Trumped by the Taxman
A recent Tax Tribunal case involved what I’d consider to be a long-odds gamble by the English Bridge Union (“EBU”). There’s little doubt that the card game Bridge is one of skill but the EBU were trying to argue that it was a sport. If Bridge were a sport, members of the EBU would not have to pay VAT on competition entry fees. The sums involved were significant (£631,000 in 2012-13) and so perhaps the EBU thought the gamble worthwhile. Certainly, the International Olympic Committee recognised Contract Bridge as a sport in 1995 and it was an exhibition event at the 2002 Winter Olympics. However, I’m not personally surprised to report that the EBU lost, with the Tribunal concluding that “Contract Bridge involves some physical activity but not a significant amount” and further, that “physical skill is not particularly important to the outcome”.
This reminded me of an argument between the Taxman and a card player over in the USA in 1998. This time, the card game was poker and the player was one Billy Baxter. Baxter was a professional gambler and a very good poker player. In all, over the years, Baxter won many millions of dollars and seven titles at the poker equivalent of the Olympic games, the “World Series of Poker”. In the USA, gambling winnings of all kinds are subject to taxation and so Baxter’s poker winnings were taxable. Baxter accepted this but he argued that what he did amounted a ‘trade or business’ and so he should be able to deduct his costs (such as travel and pension contributions) from his earnings like any other businessman. The US Taxman disagreed, arguing that Poker was gambling, relying largely on luck, but Baxter won in court. Perhaps the Judge had played poker as he famously commented “I find the government’s argument to be ludicrous. I just wish you had some money and could sit down with Mr. Baxter and play some poker.”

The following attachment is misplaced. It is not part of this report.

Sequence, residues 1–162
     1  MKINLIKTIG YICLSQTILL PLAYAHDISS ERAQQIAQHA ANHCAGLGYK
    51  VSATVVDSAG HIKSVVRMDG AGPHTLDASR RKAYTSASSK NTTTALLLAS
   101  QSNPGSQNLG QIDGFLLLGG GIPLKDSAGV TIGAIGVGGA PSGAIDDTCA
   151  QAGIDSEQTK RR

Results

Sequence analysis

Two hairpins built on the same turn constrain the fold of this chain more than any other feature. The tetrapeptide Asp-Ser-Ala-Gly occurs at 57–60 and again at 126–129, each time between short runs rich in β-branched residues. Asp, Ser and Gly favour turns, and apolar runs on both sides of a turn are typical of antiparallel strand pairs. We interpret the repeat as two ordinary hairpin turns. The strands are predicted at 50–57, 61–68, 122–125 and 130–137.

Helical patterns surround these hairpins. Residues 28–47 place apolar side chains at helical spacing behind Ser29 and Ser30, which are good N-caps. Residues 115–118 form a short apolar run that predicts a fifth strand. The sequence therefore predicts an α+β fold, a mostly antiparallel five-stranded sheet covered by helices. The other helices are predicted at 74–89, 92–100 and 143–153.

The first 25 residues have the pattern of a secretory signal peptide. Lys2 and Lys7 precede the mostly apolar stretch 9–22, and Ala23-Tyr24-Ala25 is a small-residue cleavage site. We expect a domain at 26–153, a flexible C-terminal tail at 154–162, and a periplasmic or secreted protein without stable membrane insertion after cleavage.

Meanwhile here in the UK, a 2007 case bought under the Gaming Act against a bar/poker club came to the conclusion that poker was NOT a game of skill. I can only assume that the judge and jury in that case hadn’t played any poker.
I sometimes wonder which is more down to luck, winning a game of cards or winning a tax argument in court.Talk to Barnes Roffe today